This week at PC Expo in New York, IBM discussed plans for its Network Station NCs. A number of enhancements were announced, and the company reacted to the launch of Microsoft Terminal Server.
IBM said that, starting in July, all its Network Station NCs will ship with support for Citrix? ICA protocol. This will allow them to access Windows applications running on Citrix Winframe or on Metaframe, Citrix? add-on to Microsoft?s Terminal Server.
Other enhancements for the Network Station family include multiple language support, support for email in the built-in browser and a special model that can be connected to AS/400 Twinax cabling.
IBMs Network Stations are manufactured by NCD. Paul Boulay, worldwide senior strategist in IBM network computer division, said the company is unlikely to produce its own thin clients. ?This is such a price sensitive market," he points out.
IBM has three models in its Network Station family of NCs. The Network Station 100 is essentially a replacement for 3270 or 5250 terminals. The Network Station 300 is a browser based system, while the Network Station 1000 is designed to run Java applications locally.
IBM and Sun announced in April that they would together develop Java OS for Business, which is to be the operating system for both companies? NCs. The OS will be introduced on the high end of the Network Station range early next year, and later spread to other models. It will be tuned to Intel?s Lean Client design ? the same design that is being used by IBM's maunfacturing partner NCD to develop a Windows Based Terminal, the Thinstar 300.
Also at PC Expo, Microsoft rolled out Windows NT Server 4.0 Terminal Server Edition, as the product is now officially called. Paul Boulay said IBM will not develop its own Windows Based Terminal for this software but claimed the current Network Stations with ICA support will be able to compete with WBTs in the multiuser Windows marketplace.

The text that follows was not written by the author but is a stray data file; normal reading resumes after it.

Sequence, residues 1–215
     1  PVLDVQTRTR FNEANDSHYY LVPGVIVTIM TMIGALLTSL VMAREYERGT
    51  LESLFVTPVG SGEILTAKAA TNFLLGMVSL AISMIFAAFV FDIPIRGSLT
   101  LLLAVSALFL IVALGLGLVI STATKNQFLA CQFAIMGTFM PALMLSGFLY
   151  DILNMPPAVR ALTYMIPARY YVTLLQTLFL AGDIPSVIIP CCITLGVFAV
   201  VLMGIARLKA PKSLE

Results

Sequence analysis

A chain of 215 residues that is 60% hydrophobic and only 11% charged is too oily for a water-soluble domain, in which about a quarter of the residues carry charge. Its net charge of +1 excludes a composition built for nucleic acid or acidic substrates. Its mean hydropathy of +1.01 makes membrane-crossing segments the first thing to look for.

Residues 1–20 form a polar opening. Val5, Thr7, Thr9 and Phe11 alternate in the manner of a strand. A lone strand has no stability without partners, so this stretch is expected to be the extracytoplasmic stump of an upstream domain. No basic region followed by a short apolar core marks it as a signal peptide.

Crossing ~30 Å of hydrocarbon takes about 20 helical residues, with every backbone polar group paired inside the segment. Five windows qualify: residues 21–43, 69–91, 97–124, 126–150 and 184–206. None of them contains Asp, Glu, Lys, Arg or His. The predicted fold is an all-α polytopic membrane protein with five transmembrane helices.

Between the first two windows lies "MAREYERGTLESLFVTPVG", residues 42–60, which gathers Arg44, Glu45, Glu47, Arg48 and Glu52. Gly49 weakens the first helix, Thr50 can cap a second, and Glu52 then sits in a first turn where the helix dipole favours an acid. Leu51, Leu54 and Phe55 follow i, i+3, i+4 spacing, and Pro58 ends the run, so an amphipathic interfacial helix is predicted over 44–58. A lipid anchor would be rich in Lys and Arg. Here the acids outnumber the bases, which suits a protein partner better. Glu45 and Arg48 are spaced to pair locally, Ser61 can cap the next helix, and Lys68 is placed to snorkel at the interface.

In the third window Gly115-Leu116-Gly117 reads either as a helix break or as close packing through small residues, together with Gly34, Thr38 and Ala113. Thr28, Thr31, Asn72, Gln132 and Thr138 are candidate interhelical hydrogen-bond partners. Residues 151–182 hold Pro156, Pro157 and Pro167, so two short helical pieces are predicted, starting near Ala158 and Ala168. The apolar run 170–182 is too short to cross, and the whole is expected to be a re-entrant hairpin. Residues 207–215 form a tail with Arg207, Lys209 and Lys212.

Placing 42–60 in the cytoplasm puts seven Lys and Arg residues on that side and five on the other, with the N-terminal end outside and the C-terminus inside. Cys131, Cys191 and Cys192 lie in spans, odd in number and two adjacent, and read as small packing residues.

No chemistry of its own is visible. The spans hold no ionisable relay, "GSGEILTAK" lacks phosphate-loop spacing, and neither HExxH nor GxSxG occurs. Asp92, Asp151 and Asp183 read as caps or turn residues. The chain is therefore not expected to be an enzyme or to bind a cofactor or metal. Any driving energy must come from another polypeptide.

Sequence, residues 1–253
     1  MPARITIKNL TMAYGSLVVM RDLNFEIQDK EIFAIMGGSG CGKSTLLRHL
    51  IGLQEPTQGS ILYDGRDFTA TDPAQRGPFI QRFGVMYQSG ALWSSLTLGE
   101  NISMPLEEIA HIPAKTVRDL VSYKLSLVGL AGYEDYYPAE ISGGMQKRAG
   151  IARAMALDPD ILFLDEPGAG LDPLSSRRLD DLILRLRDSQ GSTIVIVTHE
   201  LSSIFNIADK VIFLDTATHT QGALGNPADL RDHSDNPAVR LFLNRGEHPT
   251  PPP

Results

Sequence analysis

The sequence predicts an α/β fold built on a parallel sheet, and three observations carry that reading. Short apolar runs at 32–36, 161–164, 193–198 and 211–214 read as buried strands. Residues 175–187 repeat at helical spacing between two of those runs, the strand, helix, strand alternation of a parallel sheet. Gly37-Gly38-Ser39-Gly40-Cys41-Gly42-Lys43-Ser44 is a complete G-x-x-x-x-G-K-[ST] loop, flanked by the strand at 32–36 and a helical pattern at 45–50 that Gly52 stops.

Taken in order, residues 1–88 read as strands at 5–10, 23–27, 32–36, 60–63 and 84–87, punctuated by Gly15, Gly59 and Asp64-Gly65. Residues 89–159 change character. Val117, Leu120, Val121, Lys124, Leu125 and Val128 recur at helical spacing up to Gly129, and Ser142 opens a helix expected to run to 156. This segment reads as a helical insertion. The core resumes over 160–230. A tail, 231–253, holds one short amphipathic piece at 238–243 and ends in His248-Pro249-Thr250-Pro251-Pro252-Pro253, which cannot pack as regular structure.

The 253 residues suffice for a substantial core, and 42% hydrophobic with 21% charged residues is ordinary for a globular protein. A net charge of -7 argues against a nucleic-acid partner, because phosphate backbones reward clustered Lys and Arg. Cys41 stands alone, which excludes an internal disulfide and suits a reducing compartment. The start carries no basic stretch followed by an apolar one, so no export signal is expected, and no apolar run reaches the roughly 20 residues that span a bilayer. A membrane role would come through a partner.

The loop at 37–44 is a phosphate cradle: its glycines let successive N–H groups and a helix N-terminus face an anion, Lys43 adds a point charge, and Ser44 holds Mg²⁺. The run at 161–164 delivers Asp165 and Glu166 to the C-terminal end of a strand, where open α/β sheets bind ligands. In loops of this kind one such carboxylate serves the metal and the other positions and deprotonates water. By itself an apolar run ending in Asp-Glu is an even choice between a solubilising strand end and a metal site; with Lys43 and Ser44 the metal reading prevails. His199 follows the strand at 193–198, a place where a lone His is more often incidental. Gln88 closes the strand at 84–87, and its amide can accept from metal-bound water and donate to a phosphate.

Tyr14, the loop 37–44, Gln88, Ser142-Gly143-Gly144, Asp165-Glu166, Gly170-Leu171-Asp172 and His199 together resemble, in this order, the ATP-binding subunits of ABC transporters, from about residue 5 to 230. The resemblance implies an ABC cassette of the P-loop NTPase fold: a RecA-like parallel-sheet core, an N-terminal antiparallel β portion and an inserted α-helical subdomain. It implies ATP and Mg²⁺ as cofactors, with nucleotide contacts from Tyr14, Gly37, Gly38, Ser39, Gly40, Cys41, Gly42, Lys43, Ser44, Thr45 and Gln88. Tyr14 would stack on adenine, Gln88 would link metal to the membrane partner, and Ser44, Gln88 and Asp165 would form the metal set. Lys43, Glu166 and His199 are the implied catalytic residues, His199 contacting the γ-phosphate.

But IBM is not altogether passing by the WBT opportunity. In a deal announced on Tuesday, IBM and Boundless Technologies will jointly market IBM Netfinity servers in combination with Boundless thin clients such as its new Viewpoint TC Windows Based Terminal. ?This is about offering yet another alternative," said Boulay.
?We see Bill Gates? change of view on the merits of thin clients as a good thing," said Boulay. ?But there is always a question mark about their degree of seriousness."
Boulay points out that, a year ago, Microsoft was still heavily pushing the NetPC ? a concept that was soon abandoned. Boulay also said Terminal Server is priced too high, at more than $300 per user (a full NT Workstation license is required for each client).
Boulay said that tens of thousands of Network Stations shipped in 1997. In 1998, it will be hundreds of thousands, he predicts. He believes Java based NCs will start taking off as soon as more Java applications become available.
IBM?s Lotus subsidiary shipped the first version of its eSuite productivity software in February. But while the 1.0 release is currently being used in a number of pilots, Boulay said that eSuite 1.5, expected by September, will be the first version that is ready for broad deployment. The current version, for instance, misses a spelling checker and file filters.
According to Boulay, NCs are well suited for data entry as well as for general office workers. "That?s about 70 per cent of all desktops," he said.
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